The traditional reluctance exhibited by library professionals to quantify and measure the benefits of providing children’s programming is beginning to lift and the climate of accountability is affecting the public library community. The Early Literacy Project employs a rigorous analysis of outcome measures. Read the report online at http://www.ala.org/ala/pla/plaissues/earlylit/earlyliteracy.htm. Click on “Research and Evaluation.”

A study to evaluate a library outreach program for preschoolers (Fehrenbach, Hurford, Fehrenbach, Bannock, 1998) measured children’s performance in terms of emergent literacy behaviors, pre-reading skills and reading both before and after twelve story-hour sessions. The differences between the treatment group and the control group in each of the three areas tested, as shown in Table 2, were startling.

Table 2. Children's performance in terms of emergent literacy behaviors, pre-reading skills and reading, before and after twelve story hour sessions

Trained group Control group
Emergent Literacy behaviors

Pretest 0.5 0.5
Post-test 3.0 0.5
Prereading skills

Pretest 8.0 6.0
Post-test 12.0 5.0
Mean number of words read

Pretest 0.0 0.0
Post-test 94.0 0.0

Calls for more research of this kind, in evaluating the impact of public library story times are becoming more and more prevalent in the library literature (Meyers, 2003, Smardo Dowd, 1997).

Clearly, public libraries are capable of providing pre-school literacy experiences (Teale, 1999) that will help children achieve the early literacy competencies mandated by New York State. The Early Literacy Project developed by the Public Library Association has provided pilot data that support the supposition that library story hours can be effectively systematized, supervised and assessed. This project is currently being implemented at nine libraries in the Mid-Hudson Library System and data from this project will be forthcoming.

Considering the magnitude of the mandate to have all American children reading fluently by grade three, it seems only reasonable to enlist public libraries in the effort. Public libraries have a long tradition of providing pre-school and family literacy programming and the potential to easily align these services with current educational research. For more information, contact Irene Rosenthal.

Works Cited

  • Boyer, E. L. (1991). Ready to learn: A mandate for the nation. Report by Carnegie Foundation for the Advancement of Teaching. Princeton, NJ: The Carnegie Foundation for the Advancement of Teaching.
  • Early Literacy Guidance; Prekindergarten – grade 3. (2003). University of the State of New York; State Education Department.
  • Fehrenbach, L.A., Hurford, D.P. Fehrenbach, C.R., Groves-Brannock, R. (1998). Developing the emergent literacy of preschool children through a library outreach program. Journal of Youth Services 18 (Fall):40-45.
  • Froling –Imroth, B, Ash-Geisler, V. (1995). Achieving school readiness; Public libraries and national education. Chicago: American Library Association.
  • Hart, B., Risley, T.R. (1995) Meaningful differences in the everyday experiences of young American children. Baltimore: Paul H. Brookes.
  • Meyers, E. (2002). Research maps new routes for reading success in PLA Early Childhood Initiative. Journal of Youth Services 33(Winter): 3-8.
  • National Center for Educational Statistics (2003). Services and resources for children in public libraries. Washington D.C.: U.S. Department of Education.
  • Smardo-Dowd, F. (1997). Evaluating the impact of public library storytime programs upon he emergent literacy of preschoolers; A call for research. Public Libraries, 18 (Nov./Dec.): 346-357.
  • Smith, T. W., Rogers, G.T., Alsalam, B., Perle, M, Mahoney, R, Martin, V. (1994). The condition of education. Washington: U.S. Government Printing Office.
  • Sulzby, E, Teale, W. (1991). “Emergent literacy,” pgs. 727-757 in Handbook of Reading Research II, White Plains, NY: Longmans Pub.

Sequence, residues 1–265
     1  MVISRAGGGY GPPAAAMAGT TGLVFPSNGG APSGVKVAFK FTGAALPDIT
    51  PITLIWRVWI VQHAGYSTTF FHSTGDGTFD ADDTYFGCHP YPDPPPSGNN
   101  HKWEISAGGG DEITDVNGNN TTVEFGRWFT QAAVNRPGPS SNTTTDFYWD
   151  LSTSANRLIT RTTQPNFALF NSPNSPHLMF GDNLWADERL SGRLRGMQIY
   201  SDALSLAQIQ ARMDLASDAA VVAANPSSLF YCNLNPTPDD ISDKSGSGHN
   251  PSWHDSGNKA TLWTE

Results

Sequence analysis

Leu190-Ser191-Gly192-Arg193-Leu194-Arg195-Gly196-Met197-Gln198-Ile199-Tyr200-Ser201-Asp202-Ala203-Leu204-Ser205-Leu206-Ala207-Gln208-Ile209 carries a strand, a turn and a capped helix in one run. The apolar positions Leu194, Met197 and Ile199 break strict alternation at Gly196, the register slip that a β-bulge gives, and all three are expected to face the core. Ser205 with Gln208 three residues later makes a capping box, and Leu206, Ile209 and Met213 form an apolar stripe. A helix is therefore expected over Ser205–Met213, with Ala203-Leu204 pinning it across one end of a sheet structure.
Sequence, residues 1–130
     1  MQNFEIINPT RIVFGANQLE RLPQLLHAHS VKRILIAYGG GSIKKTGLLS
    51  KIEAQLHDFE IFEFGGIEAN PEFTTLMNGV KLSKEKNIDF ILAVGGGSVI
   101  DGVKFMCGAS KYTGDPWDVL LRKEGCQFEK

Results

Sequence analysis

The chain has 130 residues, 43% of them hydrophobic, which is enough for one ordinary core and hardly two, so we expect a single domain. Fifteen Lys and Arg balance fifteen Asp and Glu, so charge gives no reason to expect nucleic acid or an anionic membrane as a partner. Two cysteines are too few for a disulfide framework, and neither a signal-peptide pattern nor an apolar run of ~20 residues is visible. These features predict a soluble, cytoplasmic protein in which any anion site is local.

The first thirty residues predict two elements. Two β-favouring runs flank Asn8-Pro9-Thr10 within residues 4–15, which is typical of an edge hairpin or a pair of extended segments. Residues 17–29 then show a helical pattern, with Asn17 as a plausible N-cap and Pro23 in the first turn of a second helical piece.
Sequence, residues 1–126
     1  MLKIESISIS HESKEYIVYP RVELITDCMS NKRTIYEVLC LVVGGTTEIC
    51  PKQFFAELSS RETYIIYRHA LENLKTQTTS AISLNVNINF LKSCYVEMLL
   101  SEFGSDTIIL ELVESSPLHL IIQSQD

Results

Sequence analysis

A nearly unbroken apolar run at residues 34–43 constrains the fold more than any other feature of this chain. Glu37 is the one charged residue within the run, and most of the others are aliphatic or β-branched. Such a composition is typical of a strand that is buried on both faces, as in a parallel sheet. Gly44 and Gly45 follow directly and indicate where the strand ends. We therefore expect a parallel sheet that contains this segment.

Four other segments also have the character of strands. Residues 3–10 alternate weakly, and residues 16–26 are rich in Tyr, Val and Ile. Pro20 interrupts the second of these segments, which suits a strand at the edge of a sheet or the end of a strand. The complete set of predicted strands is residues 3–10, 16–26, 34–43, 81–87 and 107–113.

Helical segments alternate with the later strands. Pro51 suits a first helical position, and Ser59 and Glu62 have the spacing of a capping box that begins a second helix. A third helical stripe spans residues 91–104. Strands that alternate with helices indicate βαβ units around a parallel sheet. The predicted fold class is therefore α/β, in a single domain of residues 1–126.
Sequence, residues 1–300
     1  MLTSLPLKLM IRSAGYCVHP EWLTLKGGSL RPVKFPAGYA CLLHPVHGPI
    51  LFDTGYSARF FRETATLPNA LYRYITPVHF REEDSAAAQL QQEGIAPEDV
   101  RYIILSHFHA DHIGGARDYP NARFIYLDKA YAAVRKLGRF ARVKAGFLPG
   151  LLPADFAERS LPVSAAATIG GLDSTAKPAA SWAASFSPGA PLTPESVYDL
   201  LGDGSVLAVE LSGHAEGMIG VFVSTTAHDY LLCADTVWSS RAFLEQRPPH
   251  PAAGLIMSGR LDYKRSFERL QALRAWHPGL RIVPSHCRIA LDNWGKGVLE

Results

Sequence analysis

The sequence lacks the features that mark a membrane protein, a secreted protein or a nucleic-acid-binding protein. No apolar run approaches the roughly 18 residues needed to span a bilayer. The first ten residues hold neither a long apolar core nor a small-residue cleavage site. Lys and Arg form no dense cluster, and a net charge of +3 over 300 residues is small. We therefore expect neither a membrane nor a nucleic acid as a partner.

• Teale, W. (1999). Libraries promote early literacy learning; Ideas from current research and early childhood programs, Journal of Youth Services 23 (Spring):9-16.

Example of a Preschool Story Hour

Theme: Hats


  • Arkhurst, J.C., The Adventures of Spider (Boston: Little Brown, 1964)
  • Grayson, M.F., Let's do Fingerplays (New York: Robert B. Luce, 1962)
  • Keats, E.J., Jennie's Hat (New York: Harper & Row, 1966)
  • Slobodkina, E., Caps for Sale (New York: W.R.Scott, 1947)
  • Enough baseball caps for all participants
  • Straw storytelling hat with names of all the stories told during the program attached
  • Plain white hat covered with bits of Velcro. Trimmings found on Jennie's hat are hidden in a bag. They too, have bits of Velcro.
Procedures: Introduce Caps for Sale and do a picture walk. Explain that the story will be re-enacted with the librarian playing the peddler and the children playing the monkeys. Librarian introduces the storytelling tradition from West Africa explaining that the village storyteller is a highly respected member of the community. When he is invited to tell stories, he arrives wearing a hat with the names of all the stories he will tell that night. Librarian produces the storytelling hat and explains that many of the stories he tells are about a character named Anansi who is very well loved because he is so mischievous. Librarian tells the story How Spider Got a Bald Head. Librarian engages children in a traditional hat-shaking dance from West Africa. Librarian engages children in two finger-play rhymes. The first time they recite the rhymes as they act them out. The second time they identify the rhymes in This is the Circle that is My Head and clap out syllables in Dressing. Librarian introduces the book Jennie's Hat and explains that children will have to listen carefully because afterward they will be asked to remember all the items that attached to Jennie's hat. After the story, children respond with items they remember. As each one is named, librarian withdraws it from bag. After all items are named, children are asked for the order in which they were attached. Children are selected to attach each item in order.


  • To have children participate in a literacy event in which they actively respond to stories read aloud
  • To increase listening comprehension by having children re-enact the story Caps for Sale.
  • To increase phonological awareness by engaging in finger-play rhymes
  • To increase multi-cultural awareness by introducing children to the concept of the African storyteller’s hat and sharing an Anansi story from the West African tradition
  • To develop children’s listening comprehension skills by guiding their recall of items in the book Jennie’s Hat
  • To increase alphabetic awareness by pointing to each word while reading Jennie’s Hat